As told to Nicholas Mizera, Perspectives editor, HuffPost Canada
My community of Attawapiskat First Nation has declared a state of emergency. The water is so contaminated that you can’t bathe more than three minutes in it, and we are supposed to avoid rinsing food in it. They cautioned us to open a window for ventilation when running the tap, because the harsh chemicals can become airborne.
And you definitely can’t drink it.
At an emergency meeting held to inform us of the news, band council shared a report they had received two weeks earlier — I don’t know why they sat on it a full two weeks before they notified the community. That said, harmful levels trihalomethanes (THM) and haloacetic acids (HAAs), chemical byproducts from the water disinfection process, had been detected in our supply. They can cause cancer, and boiling water does nothing to get rid of them.
Practically speaking, I don’t think there’s really much of a difference between our recently declared water crisis and the water conditions we’ve lived with in Attawapiskat for as long as I can remember.
Growing up without water
In the early ‘80s, when I was four or five years old, there were 16 of us living in my grandparents’ cabin. The homes in Attawapiskat didn’t have running water at all, only the hospital did. The community had started laying pipes in the late ’70s to bring water and sewer to the non-native people. Back then, only teachers and hospital staff had the privilege of having access to running water. For the longest time, I believed that only “white people” were allowed to have running water. That’s the way it was, and the way I understood it.
People just don’t have a clue there are tens of thousands of Canadians who have no access to clean water.
Most of the water we collected for drinking and washing was drawn from the river or lake. In some cases, we’d also collect water from ditches for the laundry. In winter we melted snow, and kept a hole open in the ice on the river so we could access water year-round. Tap water didn’t arrive to our homes until the late ’90s, and it took about a year to tie everyone into the water and sewer lines. The house I was living in finally got running water in 1998 — only 21 years ago. Today, at nearly 42 years old, I have lived half my life without running water.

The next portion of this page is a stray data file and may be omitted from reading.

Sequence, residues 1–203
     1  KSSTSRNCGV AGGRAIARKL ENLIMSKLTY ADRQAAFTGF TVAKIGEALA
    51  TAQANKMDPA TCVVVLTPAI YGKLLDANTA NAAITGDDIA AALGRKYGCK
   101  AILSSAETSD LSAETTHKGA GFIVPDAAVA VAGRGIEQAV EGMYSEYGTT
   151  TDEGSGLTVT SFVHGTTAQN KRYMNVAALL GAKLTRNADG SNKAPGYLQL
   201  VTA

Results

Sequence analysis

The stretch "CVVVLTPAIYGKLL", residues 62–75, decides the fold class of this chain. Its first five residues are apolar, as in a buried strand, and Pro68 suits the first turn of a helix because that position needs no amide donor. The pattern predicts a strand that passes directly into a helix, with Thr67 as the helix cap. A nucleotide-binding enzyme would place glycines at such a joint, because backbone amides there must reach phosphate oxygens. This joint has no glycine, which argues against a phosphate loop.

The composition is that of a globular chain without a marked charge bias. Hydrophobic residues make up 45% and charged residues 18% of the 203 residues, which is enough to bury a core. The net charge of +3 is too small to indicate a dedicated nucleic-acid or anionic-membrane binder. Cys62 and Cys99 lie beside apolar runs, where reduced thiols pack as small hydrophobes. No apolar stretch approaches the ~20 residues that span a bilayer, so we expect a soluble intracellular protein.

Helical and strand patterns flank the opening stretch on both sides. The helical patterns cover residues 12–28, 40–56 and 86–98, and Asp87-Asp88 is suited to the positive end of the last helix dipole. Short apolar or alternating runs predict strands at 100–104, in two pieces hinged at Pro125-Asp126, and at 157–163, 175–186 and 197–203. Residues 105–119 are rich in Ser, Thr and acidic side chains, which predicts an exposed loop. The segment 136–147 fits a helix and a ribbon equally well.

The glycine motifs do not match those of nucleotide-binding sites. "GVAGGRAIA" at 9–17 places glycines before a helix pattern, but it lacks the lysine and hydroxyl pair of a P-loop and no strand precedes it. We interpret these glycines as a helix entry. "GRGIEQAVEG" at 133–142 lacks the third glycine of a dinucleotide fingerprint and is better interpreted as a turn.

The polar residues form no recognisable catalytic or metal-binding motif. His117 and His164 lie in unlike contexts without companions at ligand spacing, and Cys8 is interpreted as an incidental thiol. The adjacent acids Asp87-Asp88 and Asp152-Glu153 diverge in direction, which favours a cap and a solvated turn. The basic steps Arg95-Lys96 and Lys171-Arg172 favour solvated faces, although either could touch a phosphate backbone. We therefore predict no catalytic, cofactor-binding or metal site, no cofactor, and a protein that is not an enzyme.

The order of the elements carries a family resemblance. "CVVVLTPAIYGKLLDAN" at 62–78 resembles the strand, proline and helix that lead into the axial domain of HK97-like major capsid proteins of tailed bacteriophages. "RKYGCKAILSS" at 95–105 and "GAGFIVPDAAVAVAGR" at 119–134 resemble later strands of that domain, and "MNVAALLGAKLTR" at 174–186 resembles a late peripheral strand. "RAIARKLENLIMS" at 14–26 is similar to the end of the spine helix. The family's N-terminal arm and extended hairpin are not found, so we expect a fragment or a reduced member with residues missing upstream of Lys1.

Right from the beginning, we were told not to drink the water coming into our homes. It was harsh because of the chemicals used to treat it — so harsh you could smell the water coming from the tap. When you did laundry in it, all your whites would turn yellow or brown. We continued to draw water from the river for drinking and cleaning.
In the last 10 years, water “dispensaries” (reverse-osmosis water treatment plants) were installed in the community. Obtaining drinking water now means trekking to one of two facilities that the 2,500 people living in Attawapiskat all share. It’s an almost-daily chore lugging around four, five or more 10-gallon jugs. The only other option is purchasing water in bottles from the local Northern Store, which is too expensive for anyone to afford for any substantial period of time.
‘Normal’ way of life
For my entire life — right up to this very day — we have never had clean water flowing from the taps in our homes in Attawapiskat. I grew up thinking this was normal, and never really thought much about it. It’s what I had become accustomed to. In recent years, though, I have had the opportunity to travel to other cities with my band, Midnight Shine, and I now see how accessible water is everywhere else. I struggle now with just how not normal conditions are in Attawapiskat.
Combining all these stressors, you feel defeated, and you start to wear down mentally.
The sore stomach I have back home disappears when I’m out touring — I can’t shake the feeling it has something to do with the water. I see people walking around cities like Vancouver where we just performed, and I think about the fact they don’t have to worry about things like contaminated water. They seem happy and can spend their time doing other things for their family instead of having to fetch water every day. I can’t even imagine what would happen if a city like Vancouver — or any urban centre — had a contamination issue with their water. You can be damn sure the problem would be dealt with immediately, instead of being neglected for decades.
People just don’t have a clue there are tens of thousands of Canadians who have no access to clean water — many of us who have never had access. There are still more than 50 boil-water advisories in Indigenous communities across Canada, and that number doesn’t even count the communities like Attawapiskat whose water can’t be made safe by boiling.
Housing shortage another challenge